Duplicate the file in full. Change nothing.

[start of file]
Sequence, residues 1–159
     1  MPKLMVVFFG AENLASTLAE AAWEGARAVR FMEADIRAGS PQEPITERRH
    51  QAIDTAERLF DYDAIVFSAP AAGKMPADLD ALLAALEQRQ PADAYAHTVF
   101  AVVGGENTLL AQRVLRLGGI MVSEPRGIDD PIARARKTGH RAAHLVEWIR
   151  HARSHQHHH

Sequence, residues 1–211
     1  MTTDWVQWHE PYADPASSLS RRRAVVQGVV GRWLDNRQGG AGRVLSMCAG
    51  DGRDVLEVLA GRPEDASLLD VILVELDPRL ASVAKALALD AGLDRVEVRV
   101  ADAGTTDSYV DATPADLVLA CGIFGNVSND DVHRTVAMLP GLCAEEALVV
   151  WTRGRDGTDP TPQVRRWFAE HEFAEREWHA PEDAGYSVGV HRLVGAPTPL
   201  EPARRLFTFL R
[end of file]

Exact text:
Sequence, residues 1–159
     1  MPKLMVVFFG AENLASTLAE AAWEGARAVR FMEADIRAGS PQEPITERRH
    51  QAIDTAERLF DYDAIVFSAP AAGKMPADLD ALLAALEQRQ PADAYAHTVF
   101  AVVGGENTLL AQRVLRLGGI MVSEPRGIDD PIARARKTGH RAAHLVEWIR
   151  HARSHQHHH

Sequence, residues 1–211
     1  MTTDWVQWHE PYADPASSLS RRRAVVQGVV GRWLDNRQGG AGRVLSMCAG
    51  DGRDVLEVLA GRPEDASLLD VILVELDPRL ASVAKALALD AGLDRVEVRV
   101  ADAGTTDSYV DATPADLVLA CGIFGNVSND DVHRTVAMLP GLCAEEALVV
   151  WTRGRDGTDP TPQVRRWFAE HEFAEREWHA PEDAGYSVGV HRLVGAPTPL
   201  EPARRLFTFL R